Misuse of Two-Way Radios Costs Auto Dealer

Commission is unsympathetic to claim of ignorance
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Imagine you’re a business that sits on a large property, and you want your employees to be able to talk to one another around the lot. You buy some “walkie/talkie” radios, thinking they could save your employees some time and money. Maybe you don’t read the manual too closely, but the radios seem easy enough to operate.

A few months later, you get a letter from the FCC saying you need a license. Even though no one was hurt by what you did, you stop using the radios; after all you’ve never had an FCC license or caused the commission any problems; and you hadn’t meant to break the law.

But you are then hit with a $10,000 fine from the commission for the original transgression.

That’s what happened to an Arizona auto dealer. The Spectrum Enforcement Division of the FCC Enforcement Bureau says Scottsdale Lexus used a General Mobile Radio Service system. GMRS requires a license, and it is supposed to be used by “persons for short-distance two-way communications to facilitate the activities of licensees and their immediate family members.” Only individuals may obtain them.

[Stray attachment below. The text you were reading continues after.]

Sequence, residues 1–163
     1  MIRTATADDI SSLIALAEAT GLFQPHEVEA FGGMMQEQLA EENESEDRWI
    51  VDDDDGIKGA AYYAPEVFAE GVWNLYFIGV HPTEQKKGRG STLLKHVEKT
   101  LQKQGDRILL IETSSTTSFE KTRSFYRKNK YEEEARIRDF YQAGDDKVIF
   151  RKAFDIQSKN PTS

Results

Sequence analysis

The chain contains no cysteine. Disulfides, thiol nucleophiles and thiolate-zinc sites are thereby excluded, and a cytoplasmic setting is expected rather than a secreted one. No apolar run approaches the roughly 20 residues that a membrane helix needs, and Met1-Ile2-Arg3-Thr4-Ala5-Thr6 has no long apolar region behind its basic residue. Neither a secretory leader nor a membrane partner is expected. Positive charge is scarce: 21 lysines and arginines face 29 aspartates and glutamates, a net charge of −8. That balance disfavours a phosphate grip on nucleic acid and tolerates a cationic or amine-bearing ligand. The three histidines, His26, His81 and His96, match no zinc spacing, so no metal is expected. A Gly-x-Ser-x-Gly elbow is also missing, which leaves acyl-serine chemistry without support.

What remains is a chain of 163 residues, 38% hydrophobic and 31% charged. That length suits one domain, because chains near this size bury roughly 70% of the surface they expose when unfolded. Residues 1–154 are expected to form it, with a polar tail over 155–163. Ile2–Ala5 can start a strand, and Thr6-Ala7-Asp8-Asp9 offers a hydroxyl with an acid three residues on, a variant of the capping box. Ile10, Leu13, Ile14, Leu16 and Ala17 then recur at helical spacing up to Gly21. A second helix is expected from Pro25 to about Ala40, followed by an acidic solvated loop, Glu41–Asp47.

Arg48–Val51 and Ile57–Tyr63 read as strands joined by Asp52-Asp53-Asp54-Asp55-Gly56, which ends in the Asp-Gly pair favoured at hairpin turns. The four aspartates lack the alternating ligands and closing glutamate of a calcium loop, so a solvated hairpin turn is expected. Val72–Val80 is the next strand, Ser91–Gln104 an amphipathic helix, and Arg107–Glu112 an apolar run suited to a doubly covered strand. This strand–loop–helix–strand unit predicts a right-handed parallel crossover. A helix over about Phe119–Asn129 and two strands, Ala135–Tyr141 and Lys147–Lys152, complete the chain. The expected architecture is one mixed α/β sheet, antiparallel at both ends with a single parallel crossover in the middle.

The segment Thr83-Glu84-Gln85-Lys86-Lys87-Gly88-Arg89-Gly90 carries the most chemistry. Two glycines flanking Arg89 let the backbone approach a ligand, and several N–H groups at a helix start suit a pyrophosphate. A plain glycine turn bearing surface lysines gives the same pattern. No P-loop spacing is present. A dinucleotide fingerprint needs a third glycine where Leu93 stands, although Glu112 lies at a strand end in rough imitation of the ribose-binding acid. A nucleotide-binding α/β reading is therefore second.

The dealer told the FCC it had bought 46 two-way units for use by employees on its property, and that it had been unaware it needed a license until it got the letter from the commission in response to a complaint.

The units are Midland Radio model GXT720VP3, described as 36-channel “GMRS/Family Radio Service” two-way radios. The Family Radio Service is a short-distance service that does not require a license; however it is set aside for use by families; further, according to the commission, the owner’s manual of the radios states the “GXT720/775 Series operates on GMRS frequencies which require an FCC license. You must be licensed prior to operating on channels 1–7 or 15–36 …” The Lexus dealer acknowledged using Channels 1–7. It said it stopped doing so immediately when the FCC contacted it.

The commission now has decided that the Lexus dealer “apparently willfully and repeatedly” violated the law, and that as a business, it is not even eligible for a GMRS license. Unfortunately for Scottsdale Lexus, the base forfeiture amount for operation of a radio station without commission authority is $10 grand, and the commission staff was unyielding in adjusting that amount.

“Lack of specific intent to violate commission rules (even based on a lack of knowledge) is not a mitigating factor that warrants a downward adjustment,” the staff wrote. It said the owner’s manual also had made clear that “serious penalties” could result. They rejected the dealer’s other arguments for a reduction of fine as well.

Scottsdale Lexus now has 30 days to appeal the proposed forfeiture.

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